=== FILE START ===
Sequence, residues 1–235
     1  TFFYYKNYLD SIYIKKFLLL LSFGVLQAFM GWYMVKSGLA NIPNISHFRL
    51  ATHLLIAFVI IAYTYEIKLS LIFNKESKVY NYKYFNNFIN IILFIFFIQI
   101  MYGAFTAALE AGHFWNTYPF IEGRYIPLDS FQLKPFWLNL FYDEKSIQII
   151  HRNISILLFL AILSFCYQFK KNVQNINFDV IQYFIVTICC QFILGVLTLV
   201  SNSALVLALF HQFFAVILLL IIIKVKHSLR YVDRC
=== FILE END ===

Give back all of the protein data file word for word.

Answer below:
Sequence, residues 1–235
     1  TFFYYKNYLD SIYIKKFLLL LSFGVLQAFM GWYMVKSGLA NIPNISHFRL
    51  ATHLLIAFVI IAYTYEIKLS LIFNKESKVY NYKYFNNFIN IILFIFFIQI
   101  MYGAFTAALE AGHFWNTYPF IEGRYIPLDS FQLKPFWLNL FYDEKSIQII
   151  HRNISILLFL AILSFCYQFK KNVQNINFDV IQYFIVTICC QFILGVLTLV
   201  SNSALVLALF HQFFAVILLL IIIKVKHSLR YVDRC